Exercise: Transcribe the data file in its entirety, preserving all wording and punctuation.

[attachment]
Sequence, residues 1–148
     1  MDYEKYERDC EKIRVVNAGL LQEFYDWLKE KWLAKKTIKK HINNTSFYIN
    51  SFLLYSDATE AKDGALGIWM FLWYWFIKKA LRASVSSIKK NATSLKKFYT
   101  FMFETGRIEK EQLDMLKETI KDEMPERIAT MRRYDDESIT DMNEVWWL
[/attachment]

Sequence, residues 1–148
     1  MDYEKYERDC EKIRVVNAGL LQEFYDWLKE KWLAKKTIKK HINNTSFYIN
    51  SFLLYSDATE AKDGALGIWM FLWYWFIKKA LRASVSSIKK NATSLKKFYT
   101  FMFETGRIEK EQLDMLKETI KDEMPERIAT MRRYDDESIT DMNEVWWL